A wanton and adulterous woman repeatedly spurns the love of her youth. Her betrayed and grieving husband offers forgiveness and seeks to restore the intimacy of their first love.
Bold imagery indeed for telling the story of God and his people. Bolder still when God calls a prophet to enflesh this divine suffering and redeeming forgiveness in his own marriage. Yet this remarkable story sets the stage for Hosea's message of God's enduring love, his righteous judgement and his persistent offer of reconciliation.
This commentary explores the historical, cultural, literary and theological dimensions of the book of Hosea. Distilled from a career of biblical scholarship, theological reflection and masterful teaching, David Hubbard has been studying, teaching and thinking about Hosea for a long time. He frankly admits he can't imagine himself "as a human being, let alone as a believing person, without the deposit of Hosea's political, moral and spiritual insights."
In the Logos edition, this volume is enhanced by amazing functionality. Important terms link to dictionaries, encyclopedias, and a wealth of other resources in your digital library. Perform powerful searches to find exactly what you’re looking for. Take the discussion with you using tablet and mobile apps. With Logos Bible Software, the most efficient and comprehensive research tools are in one place, so you get the most out of your study.
Get the full commentary set: Tyndale Commentaries (49 vols.).
“With the naming of the third child the signs of judgment have reached their climax. ‘Not my people’ signals a total change in God’s relationship to Israel: the waywardness of the nation has effectively annulled the covenant; the son’s name not only described how Israel had behaved—as if they did not belong to Yahweh—but also declared God’s response of separating himself from them.” (Page 72)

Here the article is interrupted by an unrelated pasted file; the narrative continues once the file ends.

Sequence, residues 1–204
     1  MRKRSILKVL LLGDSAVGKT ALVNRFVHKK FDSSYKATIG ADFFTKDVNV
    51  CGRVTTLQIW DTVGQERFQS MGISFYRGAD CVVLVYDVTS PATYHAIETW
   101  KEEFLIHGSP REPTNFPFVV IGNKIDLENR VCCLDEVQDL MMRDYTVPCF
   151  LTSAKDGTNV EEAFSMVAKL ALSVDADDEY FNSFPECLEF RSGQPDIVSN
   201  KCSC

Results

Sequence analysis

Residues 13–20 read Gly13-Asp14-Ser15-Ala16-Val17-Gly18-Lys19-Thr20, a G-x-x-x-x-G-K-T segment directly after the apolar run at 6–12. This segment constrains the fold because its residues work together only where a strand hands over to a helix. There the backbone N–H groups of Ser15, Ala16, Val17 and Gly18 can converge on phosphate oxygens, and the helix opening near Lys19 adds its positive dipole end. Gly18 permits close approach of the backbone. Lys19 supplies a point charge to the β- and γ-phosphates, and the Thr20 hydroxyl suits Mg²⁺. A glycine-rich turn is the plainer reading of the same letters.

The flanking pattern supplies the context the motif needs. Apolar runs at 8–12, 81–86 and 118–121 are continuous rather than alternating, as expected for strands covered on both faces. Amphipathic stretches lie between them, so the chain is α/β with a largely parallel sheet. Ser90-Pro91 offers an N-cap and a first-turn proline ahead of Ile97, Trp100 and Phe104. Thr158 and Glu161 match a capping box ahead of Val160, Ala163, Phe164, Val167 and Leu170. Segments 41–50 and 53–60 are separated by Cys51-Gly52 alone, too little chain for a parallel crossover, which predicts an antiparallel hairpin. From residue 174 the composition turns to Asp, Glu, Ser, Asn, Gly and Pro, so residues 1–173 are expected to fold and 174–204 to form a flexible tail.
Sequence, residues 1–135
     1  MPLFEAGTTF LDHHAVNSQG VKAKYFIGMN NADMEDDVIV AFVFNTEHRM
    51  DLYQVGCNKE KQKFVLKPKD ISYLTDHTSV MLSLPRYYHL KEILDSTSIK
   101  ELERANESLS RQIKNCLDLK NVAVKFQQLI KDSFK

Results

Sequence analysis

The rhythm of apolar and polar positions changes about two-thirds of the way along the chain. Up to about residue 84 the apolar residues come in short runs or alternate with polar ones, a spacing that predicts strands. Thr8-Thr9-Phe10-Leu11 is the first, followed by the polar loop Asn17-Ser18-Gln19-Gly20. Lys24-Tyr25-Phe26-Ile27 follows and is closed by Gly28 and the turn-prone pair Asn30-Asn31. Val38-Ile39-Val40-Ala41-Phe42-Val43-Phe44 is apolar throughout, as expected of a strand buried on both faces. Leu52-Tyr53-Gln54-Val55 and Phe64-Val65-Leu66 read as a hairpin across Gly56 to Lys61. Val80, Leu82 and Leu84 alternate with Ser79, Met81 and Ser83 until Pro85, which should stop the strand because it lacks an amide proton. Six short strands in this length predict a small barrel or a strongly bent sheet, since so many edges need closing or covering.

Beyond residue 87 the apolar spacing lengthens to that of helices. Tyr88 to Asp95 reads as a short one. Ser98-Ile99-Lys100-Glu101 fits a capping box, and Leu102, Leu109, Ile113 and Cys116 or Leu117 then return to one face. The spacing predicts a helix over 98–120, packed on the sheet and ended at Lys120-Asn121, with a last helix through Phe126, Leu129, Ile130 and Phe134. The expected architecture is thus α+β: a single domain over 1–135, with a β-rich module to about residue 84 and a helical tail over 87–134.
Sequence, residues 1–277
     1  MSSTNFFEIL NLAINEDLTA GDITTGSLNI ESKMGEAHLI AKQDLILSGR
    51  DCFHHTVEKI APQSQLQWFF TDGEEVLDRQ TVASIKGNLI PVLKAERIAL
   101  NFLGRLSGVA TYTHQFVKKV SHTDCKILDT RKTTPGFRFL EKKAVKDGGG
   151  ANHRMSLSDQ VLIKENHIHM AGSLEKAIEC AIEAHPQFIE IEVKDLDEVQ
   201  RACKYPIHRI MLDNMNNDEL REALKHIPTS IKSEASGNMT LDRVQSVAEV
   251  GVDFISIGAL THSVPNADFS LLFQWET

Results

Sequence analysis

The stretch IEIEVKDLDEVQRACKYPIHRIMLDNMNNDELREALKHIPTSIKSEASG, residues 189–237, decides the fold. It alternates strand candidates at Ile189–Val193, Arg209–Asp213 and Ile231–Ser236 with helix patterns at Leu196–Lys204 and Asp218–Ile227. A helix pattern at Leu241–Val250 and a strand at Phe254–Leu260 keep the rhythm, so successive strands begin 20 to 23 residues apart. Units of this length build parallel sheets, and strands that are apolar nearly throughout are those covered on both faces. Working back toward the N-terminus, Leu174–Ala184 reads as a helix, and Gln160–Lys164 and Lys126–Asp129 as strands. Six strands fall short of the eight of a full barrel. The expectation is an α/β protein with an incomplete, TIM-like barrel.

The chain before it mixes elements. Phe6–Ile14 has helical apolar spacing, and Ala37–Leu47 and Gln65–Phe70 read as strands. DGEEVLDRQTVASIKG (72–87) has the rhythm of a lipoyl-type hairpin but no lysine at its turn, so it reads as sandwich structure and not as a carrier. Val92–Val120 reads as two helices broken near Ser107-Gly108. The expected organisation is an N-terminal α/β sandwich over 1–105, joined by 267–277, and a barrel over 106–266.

“Guideline one: The account of Hosea’s experiences is literal not allegorical.” (Page 59)
“Guideline three: When Gomer married Hosea she was an ordinary Israelite woman who later became an adulteress and a prostitute.” (Page 61)
“Chronologically, Hosea would follow Amos by a few years (see Date, below) but logically he deserves first place. His is the longest book. But more than that it is theologically the most complete. It embraces the great prophetic themes of covenant, judgment and hope. It describes the personal relationship between Yahweh and the prophet more amply than any of its eleven companions. Its biographical lessons prepare the way for Jonah, as its magnificent interplay of judgment and hope anticipates Joel, Micah, Zephaniah, Haggai, Zechariah and Malachi.” (Page 23)
“Jezreel (v. 11) begins, then, the sequence in which the name of each child is transformed from a sign of judgment to a sign of grace. The names were coined with this reversal in mind: (1) Jezreel is deliberately ambiguous—God will both scatter in judgment and sow in restoration (see on v. 4); and (2) beginning the other two names with ‘not’ meant that their negative force could be removed with the stroke of a pen—which is precisely what happens in 2:1.” (Page 76)